Black Watch Piper

Dickyboy
29th May 2009, 22:07
I was on a couple of River Boats, one was the Spey in late 75 early 76, and another earlier than that, when we coasted around NZ.
One of the engineers had been a piper in the Black Watch in a previous life.
Anyway, as we coasted around the South Island, with it's large Scottish population, he used to pipe us into various ports. He's stand on the Monkey Island, sometimes in his BW kilt or uniform, and sometimes in his boiler suit.
As we approached the port, flags would come out, people would cheer and wave from their hillside homes. It even got a mention in the local press in one place.
I've never heard anything quite like those bagpipes, with the sound echoing off the shoreside hills in the distance. It was all very moving, and sounded much better than when he played the reed in a bar on social nights. The bar acoustics weren't made for that sort of musical instrument.
Boy! Standing on the fo'castle while being piped in was something special and really stirred the blood.

JohnBP
30th May 2009, 09:49
There was a guy who used to pipe sometimes in the BP refinery at Isle of Grain, very stirring after being away for 9 months and IOG first UK landfall.

Jim Harris
30th May 2009, 10:28
I was on a couple of River Boats, one was the Spey in late 75 early 76, and another earlier than that, when we coasted around NZ.
One of the engineers had been a piper in the Black Watch in a previous life.
Anyway, as we coasted around the South Island, with it's large Scottish population, he used to pipe us into various ports. He's stand on the Monkey Island, sometimes in his BW kilt or uniform, and sometimes in his boiler suit.
As we approached the port, flags would come out, people would cheer and wave from their hillside homes. It even got a mention in the local press in one place.
I've never heard anything quite like those bagpipes, with the sound echoing off the shoreside hills in the distance. It was all very moving, and sounded much better than when he played the reed in a bar on social nights. The bar acoustics weren't made for that sort of musical instrument.
Boy! Standing on the fo'castle while being piped in was something special and really stirred the blood.

What a great story, Dickyboy.

It stirs the blood just thinking about it.(Thumb)

Regards,

Jim.

twogrumpy
30th May 2009, 20:36
Believe this has been mentioned before, probably Bill Christie 2/E, unless there was more than one of them.
(Cloud)

trucker
30th May 2009, 21:06
I was on a couple of River Boats, one was the Spey in late 75 early 76, and another earlier than that, when we coasted around NZ.
One of the engineers had been a piper in the Black Watch in a previous life.
Anyway, as we coasted around the South Island, with it's large Scottish population, he used to pipe us into various ports. He's stand on the Monkey Island, sometimes in his BW kilt or uniform, and sometimes in his boiler suit.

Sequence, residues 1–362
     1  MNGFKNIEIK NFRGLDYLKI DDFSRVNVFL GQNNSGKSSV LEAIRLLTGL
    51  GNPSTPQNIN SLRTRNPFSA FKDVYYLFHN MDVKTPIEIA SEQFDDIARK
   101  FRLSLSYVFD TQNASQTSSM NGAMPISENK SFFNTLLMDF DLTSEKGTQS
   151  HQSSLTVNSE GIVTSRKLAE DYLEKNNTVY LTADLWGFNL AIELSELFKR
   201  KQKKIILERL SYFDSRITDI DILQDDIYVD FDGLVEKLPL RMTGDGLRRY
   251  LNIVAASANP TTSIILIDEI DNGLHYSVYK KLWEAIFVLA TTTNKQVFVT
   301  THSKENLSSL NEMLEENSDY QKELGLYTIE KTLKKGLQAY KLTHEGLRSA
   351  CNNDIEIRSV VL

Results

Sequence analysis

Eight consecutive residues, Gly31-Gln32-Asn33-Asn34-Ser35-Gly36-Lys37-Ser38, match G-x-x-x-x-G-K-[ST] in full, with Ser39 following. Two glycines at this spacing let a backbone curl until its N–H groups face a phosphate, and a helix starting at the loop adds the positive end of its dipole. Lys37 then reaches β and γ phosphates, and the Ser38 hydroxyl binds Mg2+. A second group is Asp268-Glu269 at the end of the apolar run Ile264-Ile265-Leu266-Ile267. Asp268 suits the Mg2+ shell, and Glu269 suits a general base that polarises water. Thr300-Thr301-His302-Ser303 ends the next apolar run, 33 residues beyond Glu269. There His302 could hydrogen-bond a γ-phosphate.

As we approached the port, flags would come out, people would cheer and wave from their hillside homes. It even got a mention in the local press in one place.
I've never heard anything quite like those bagpipes, with the sound echoing off the shoreside hills in the distance. It was all very moving, and sounded much better than when he played the reed in a bar on social nights. The bar acoustics weren't made for that sort of musical instrument.
Boy! Standing on the fo'castle while being piped in was something special and really stirred the blood.

on the british security 1972.the 2/e piped us in and out of port.he was a real gent.(Thumb)feb. till aug.

JamesM
1st June 2009, 17:42
Believe this has been mentioned before, probably Bill Christie 2/E, unless there was more than one of them.
(Cloud)

Spot on, ----- a legend in his own time, I believe. Sadly I never met him.

Regards James.

trucker
1st June 2009, 18:02
after doing ,liner /piston ,change,s.straight to the crew bar for the p---,up.he used to give a tune.last time i met him was in 1974 ,same coach to heathrow,but joining different ship,s.(Thumb)

Dickyboy
2nd June 2009, 01:34
on the british security 1972.the 2/e piped us in and out of port.he was a real gent.(Thumb)feb. till aug.

I was on the Security 24/02/72 - 10/07/72. Joined in Amsterdam, Paid off in Little Aden.
The piper could well have been on that trip. I can't remember where we went twixt those dates though.
I always thought that Product Carriers as Tramp Ships, one never quite knew where one was going next. Even when the cargo had a destination, that was often changed.
I was on the Poop deck late one evening having a smoke (Aft of the red line!) North of Darwin with orders for the Gulf having just circumnavigated Australia, when the ship started to shudder. Looking astern, I could see that we were turning to port. "Yippiee!!!" I thought, Back load the cargo we had initially discharged in Fremantle then down to NZ, which is what we did. Quite a common occurrence I think, drop a cargo off at Fremantle, do the Oz coast with an Oz cargo then back load the original cargo and go down to NZ. I think that had to be done, as in those days one couldn't go directly to NZ. I might be wrong on that though.
I did that both times I went on the NZ coast.

PS
Just spotted the dates on your post. It must have been on that trip then.